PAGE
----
Establishing and working with an independent media organization in Cuba involves a lot of challenges. But this is exactly what Jessica Dominguez Delgado has done. She is part of our “Global Voices of Freedom” series.This content was published on June 30, 2021 - 10:38
- Deutsch Freie Medien in einer unfreien Gesellschaft
- Español Cuba: hablando libremente en una sociedad carente de libertad
- Português Falar livremente em uma sociedade sem liberdade
- 中文 非自由社会中的言论自由
- Français Parler librement dans une société non libre
- عربي التعبير بحرية في مجتمع يفتقر إلى الحرية
- Pусский Свобода слова в несвободном кубинском обществе
- 日本語 自由のない社会で自由な発言を
- Italiano Parlare liberamente in una società non libera
Cuba is notoriously underperforming (bottom 10% of all countries in the worldExternal link) when it comes to basic freedoms and human rights. The communist one-party state continues to deny a free press and the freedom of speech, while there is an ongoing suppression of citizens and professional journalists in covering public affairs and proposing political change. However, in spite of the limitations, many Cubans are doing their best to contribute to improvements in society as much as they can.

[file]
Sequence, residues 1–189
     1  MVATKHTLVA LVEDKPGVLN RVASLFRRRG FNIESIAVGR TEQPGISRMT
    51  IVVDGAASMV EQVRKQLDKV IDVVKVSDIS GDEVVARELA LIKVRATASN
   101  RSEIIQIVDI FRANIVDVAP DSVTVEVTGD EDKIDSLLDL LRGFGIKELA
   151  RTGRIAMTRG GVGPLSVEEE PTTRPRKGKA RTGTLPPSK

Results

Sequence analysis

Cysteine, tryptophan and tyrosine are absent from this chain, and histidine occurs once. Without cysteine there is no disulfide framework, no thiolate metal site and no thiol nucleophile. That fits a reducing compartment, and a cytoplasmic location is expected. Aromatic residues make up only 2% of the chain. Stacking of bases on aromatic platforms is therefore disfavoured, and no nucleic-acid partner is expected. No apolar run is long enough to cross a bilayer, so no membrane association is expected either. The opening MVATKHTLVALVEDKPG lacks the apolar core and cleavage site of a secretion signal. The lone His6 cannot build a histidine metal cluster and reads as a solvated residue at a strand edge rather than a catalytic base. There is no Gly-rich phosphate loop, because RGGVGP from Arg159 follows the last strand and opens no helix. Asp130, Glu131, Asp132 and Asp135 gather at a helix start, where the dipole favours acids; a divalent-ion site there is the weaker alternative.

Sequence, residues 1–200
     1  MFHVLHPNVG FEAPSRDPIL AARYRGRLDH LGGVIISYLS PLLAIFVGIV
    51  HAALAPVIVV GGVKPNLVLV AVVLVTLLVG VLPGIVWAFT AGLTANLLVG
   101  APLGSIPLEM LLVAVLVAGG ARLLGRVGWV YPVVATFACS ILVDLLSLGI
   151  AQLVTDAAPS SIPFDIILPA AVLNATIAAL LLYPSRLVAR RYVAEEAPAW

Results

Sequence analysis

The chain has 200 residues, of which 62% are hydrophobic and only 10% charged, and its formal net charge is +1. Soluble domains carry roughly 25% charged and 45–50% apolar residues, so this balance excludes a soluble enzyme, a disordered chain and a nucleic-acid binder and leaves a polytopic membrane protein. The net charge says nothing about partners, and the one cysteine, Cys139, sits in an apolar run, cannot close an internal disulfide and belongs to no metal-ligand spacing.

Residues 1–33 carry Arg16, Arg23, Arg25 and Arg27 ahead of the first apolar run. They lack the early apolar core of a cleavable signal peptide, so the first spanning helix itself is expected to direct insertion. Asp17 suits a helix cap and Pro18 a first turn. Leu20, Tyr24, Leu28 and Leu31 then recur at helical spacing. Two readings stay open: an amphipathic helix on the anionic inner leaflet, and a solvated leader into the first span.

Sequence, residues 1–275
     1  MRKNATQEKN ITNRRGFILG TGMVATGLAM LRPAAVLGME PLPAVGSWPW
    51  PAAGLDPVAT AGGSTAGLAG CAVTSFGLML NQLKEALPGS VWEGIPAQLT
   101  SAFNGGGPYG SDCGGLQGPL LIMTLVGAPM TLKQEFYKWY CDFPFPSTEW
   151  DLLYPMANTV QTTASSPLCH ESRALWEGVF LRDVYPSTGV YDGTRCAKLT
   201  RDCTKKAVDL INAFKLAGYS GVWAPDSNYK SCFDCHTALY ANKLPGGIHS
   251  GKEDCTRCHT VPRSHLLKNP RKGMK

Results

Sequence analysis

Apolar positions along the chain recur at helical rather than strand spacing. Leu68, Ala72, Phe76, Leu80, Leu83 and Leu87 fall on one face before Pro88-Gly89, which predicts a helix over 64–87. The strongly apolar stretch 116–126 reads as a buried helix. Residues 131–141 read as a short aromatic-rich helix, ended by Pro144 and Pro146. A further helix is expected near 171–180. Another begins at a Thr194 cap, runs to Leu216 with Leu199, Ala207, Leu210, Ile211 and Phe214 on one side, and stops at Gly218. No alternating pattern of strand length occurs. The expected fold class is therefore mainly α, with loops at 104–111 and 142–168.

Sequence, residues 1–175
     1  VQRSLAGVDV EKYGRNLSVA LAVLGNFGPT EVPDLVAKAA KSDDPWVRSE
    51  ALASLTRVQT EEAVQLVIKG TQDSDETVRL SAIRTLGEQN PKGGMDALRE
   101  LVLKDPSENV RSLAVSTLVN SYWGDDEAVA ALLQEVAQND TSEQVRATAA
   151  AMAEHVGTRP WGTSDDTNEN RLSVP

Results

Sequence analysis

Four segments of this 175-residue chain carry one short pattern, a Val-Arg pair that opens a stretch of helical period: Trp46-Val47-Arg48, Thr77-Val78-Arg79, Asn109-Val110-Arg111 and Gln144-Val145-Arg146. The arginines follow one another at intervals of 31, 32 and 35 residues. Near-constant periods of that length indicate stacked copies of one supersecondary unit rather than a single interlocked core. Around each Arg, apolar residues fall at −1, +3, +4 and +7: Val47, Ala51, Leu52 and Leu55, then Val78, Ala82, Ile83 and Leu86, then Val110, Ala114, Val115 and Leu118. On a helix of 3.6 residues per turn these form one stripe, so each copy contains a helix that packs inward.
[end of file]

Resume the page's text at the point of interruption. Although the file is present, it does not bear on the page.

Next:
Jessica Dominguez Delgado, a 30-year-old journalist born and based in the Cuban capital of Havana, is part of a journalistic project established seven years ago with the support of SWI swissinfo.ch’s Dutch partner RNW, called elTOQUEExternal link. Jessica leads the fact-checking unit of the online magazine DeFactoExternal link. In our “Global Voices of Freedom” series she shares her experiences and insights of being part of a new generation of Cuban journalists who have been able to use the internet in a way which allows the Caribbean island to connect with the world in a more open way than before.
There are discrepancies in how Cuba operates its undemocratic and autocratic government system. While the new constitution of 2019 formally bans independent media organizations, elTOQUE is an example that it is still possible in practice. Similar approaches have been adapted in the Cuban economy: Jessica describes an ongoing struggle between the anachronistic ambitions of communist party leaders and the societal and economic realities on the ground.